Right now, due to the fact that the gold price has been fairly stagnant for the last several years, certain collectible [gold coins] are selling for incredibly cheap premiums, as low as $50 over spot price of gold.
This is a big deal: You’re essentially paying bullion prices for a collectible.
Think about that: you can buy a rare coin which has TRUE scarcity for nearly the same price as brand-new coins that are churned out year after year. And you’ve essentially got a free call option on the market realizing its rarity value…
Bullion coins are usually manufactured annually by the government’s mint. So they’re not considered rare. But they’re the cheapest and most-liquid way to invest in physical gold.
Then you have numismatic coins — also known as rare or collectible coins. Examples include:
• Pre-1933 $20 or $10 Eagle/Liberty coins
• Peace Silver Dollars
• British Sovereigns
Like bullion, numismatics also have value because of their metal content. But the biggest determining factor in their price is their rarity. Unlike with bullion coins, government mints aren’t churning out any more 1933 Indian Head Buffalo (Bison) “Hobo” nickels.
In addition to rarity, collectible coins are also valued based on their condition, and whether or not they were circulated. Some of the most sought after coins sell for millions of dollars apiece.
Renowned coin expert Van Simmons of David Hall Rare Coins says MS 64 $20 St. Gaudens gold pieces are one of the best deals on the market today, selling at historically low premiums over spot. The MS in the description means “Mint State,” and corresponds to the numerical grades MS60 through MS-70.
These are the highest-quality numismatics, ones that have never been in circulation. A Mint State coin can range from one that is covered with marks (MS-60) to a flawless example (MS-70).
You can get these coins for about $1,450 today, with gold trading just above $1,300 an ounce.
But consider this… When gold was $275 an ounce in the late 80’s, these coins sold for $2,000 apiece.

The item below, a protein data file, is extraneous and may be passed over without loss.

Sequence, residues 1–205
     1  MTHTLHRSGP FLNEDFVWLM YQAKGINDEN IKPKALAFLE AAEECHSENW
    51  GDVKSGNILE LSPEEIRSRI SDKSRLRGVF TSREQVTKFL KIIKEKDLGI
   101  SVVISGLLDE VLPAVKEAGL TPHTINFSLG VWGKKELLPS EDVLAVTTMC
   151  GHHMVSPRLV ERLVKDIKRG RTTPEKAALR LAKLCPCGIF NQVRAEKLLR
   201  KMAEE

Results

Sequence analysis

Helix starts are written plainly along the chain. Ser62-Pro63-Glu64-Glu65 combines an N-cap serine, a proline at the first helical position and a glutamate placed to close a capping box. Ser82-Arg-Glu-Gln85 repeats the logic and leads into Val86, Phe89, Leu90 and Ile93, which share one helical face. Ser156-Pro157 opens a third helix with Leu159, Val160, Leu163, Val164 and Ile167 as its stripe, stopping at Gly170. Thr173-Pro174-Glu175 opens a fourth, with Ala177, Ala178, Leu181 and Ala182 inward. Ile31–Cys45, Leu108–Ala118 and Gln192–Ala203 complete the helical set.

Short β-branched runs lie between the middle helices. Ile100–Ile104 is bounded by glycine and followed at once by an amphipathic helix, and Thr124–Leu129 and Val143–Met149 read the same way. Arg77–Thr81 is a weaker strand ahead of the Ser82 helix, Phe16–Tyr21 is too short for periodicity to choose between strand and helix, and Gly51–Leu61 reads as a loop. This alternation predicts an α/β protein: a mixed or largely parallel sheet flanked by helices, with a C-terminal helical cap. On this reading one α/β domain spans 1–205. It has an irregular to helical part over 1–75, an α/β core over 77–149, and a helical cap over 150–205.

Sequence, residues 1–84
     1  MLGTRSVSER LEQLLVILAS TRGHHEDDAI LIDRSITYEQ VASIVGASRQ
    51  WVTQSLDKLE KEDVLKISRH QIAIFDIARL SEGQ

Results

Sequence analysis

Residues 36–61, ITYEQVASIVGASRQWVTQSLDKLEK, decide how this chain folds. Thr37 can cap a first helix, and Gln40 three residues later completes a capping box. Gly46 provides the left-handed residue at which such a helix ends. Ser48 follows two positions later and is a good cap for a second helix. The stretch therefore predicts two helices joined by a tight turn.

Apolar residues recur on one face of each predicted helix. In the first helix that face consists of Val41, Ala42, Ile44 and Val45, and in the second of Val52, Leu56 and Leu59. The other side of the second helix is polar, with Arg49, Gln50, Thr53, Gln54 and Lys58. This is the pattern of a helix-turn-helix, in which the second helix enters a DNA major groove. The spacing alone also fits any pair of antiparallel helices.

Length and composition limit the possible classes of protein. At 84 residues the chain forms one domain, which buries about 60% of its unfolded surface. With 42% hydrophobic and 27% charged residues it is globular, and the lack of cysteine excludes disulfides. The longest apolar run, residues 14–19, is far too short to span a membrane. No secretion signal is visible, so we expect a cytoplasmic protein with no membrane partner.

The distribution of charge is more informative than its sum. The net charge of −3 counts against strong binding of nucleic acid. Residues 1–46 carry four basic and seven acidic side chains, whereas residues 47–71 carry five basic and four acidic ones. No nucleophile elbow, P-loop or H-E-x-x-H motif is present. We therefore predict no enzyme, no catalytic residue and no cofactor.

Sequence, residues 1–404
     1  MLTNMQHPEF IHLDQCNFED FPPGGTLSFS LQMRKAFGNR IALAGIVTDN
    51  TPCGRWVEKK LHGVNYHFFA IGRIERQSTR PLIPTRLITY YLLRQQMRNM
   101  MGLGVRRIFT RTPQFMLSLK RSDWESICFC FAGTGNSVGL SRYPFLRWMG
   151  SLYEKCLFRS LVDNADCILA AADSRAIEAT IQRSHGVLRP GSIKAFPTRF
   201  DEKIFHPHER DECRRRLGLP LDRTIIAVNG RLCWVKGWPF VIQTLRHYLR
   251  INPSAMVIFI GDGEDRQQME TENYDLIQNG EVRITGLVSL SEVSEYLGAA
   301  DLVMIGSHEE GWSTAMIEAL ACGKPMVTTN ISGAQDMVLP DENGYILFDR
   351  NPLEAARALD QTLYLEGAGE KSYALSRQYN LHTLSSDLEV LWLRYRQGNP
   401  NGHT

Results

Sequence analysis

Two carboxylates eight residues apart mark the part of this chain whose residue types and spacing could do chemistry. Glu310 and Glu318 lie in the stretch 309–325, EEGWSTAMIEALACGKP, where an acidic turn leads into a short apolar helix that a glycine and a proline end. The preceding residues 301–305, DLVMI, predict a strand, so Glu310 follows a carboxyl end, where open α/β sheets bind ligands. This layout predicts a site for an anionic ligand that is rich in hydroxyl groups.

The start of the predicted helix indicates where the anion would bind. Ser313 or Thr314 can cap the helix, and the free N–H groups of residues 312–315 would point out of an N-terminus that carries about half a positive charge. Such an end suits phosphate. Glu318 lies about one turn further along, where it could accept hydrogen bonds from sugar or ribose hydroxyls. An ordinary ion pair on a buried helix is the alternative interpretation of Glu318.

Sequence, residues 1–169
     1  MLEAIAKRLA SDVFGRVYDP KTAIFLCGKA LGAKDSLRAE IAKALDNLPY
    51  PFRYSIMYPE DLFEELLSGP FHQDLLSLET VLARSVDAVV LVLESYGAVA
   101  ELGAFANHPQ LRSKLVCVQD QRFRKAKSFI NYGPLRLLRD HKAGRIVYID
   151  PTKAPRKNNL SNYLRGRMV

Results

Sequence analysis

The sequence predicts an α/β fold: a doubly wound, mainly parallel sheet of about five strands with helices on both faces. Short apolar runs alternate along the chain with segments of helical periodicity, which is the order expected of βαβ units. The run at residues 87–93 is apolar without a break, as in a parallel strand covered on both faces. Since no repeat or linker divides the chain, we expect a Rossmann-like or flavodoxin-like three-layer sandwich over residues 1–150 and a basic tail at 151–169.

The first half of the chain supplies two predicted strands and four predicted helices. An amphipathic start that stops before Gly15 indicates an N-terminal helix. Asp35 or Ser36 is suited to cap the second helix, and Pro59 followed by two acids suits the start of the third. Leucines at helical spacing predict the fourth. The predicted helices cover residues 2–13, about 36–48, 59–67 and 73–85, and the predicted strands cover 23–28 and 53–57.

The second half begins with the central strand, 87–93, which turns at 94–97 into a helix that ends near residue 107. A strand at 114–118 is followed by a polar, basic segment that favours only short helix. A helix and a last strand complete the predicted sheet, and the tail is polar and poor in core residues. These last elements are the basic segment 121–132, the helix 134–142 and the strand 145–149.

In 2011, when the price of gold was around $1800, these coins were selling for about $2,460.
So the premium was as high as $1,700 per coin (not including broker fees). Today, that premium is around $100 a coin.
If gold prices heat up again and demand increases, the premium for this coin could easily increase back to $300 to $500 above spot. In other words, you’d make money TWO ways – due to the increase in gold prices and due to the increase in premium.
Here's Blanchard's Math
We found additional support for this opportunity from a leading precious metals firm. Here's what Blanchard had to say…
When ratios get out of whack in the marketplace, it offers investors a unique opportunity to purchase nearly the same amount of gold, with a rarity factor. That means once the price of gold begins to climb significantly, the price of the Saint Gaudens will rise even faster.
Let's look back for some examples.
Since 2003, the Double Eagle premium has fluctuated from a low of 1.10 above gold to a high of 2.41. In 2003, it took 1.28 Gold American Eagles (1 oz.) to purchase one St. Gaudens Double Eagle.
In 2009 – Gold Spot Price Average $972.35 Then, in 2009, you could trade that one St. Gaudens Double Eagle in for 2.41 Gold American Eagles (1 oz.)
2018 – Current Gold Spot Price $1,300.00 – Buying Opportunity
Right now, we are on the front end of that cycle again, and the ratio is even better than last time!
Based on the past eight years, there is a tremendous buying opportunity based on the premiums of the Double Eagle vs. gold. As the price of gold rises, the premiums will also rise, which creates a better profit potential than gold moving forward.